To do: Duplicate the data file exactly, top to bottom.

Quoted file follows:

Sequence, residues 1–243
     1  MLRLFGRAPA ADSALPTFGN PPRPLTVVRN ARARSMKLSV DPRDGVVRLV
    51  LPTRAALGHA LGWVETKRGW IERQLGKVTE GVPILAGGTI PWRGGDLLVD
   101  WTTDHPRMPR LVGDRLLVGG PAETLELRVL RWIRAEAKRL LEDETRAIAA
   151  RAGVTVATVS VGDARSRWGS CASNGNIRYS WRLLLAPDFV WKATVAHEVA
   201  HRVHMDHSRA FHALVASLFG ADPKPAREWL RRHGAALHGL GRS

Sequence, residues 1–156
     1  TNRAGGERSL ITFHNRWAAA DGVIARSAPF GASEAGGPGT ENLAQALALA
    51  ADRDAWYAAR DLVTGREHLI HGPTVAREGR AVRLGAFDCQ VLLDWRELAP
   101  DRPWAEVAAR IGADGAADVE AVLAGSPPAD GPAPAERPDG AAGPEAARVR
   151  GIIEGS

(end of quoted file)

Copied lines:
Sequence, residues 1–243
     1  MLRLFGRAPA ADSALPTFGN PPRPLTVVRN ARARSMKLSV DPRDGVVRLV
    51  LPTRAALGHA LGWVETKRGW IERQLGKVTE GVPILAGGTI PWRGGDLLVD
   101  WTTDHPRMPR LVGDRLLVGG PAETLELRVL RWIRAEAKRL LEDETRAIAA
   151  RAGVTVATVS VGDARSRWGS CASNGNIRYS WRLLLAPDFV WKATVAHEVA
   201  HRVHMDHSRA FHALVASLFG ADPKPAREWL RRHGAALHGL GRS

Sequence, residues 1–156
     1  TNRAGGERSL ITFHNRWAAA DGVIARSAPF GASEAGGPGT ENLAQALALA
    51  ADRDAWYAAR DLVTGREHLI HGPTVAREGR AVRLGAFDCQ VLLDWRELAP
   101  DRPWAEVAAR IGADGAADVE AVLAGSPPAD GPAPAERPDG AAGPEAARVR
   151  GIIEGS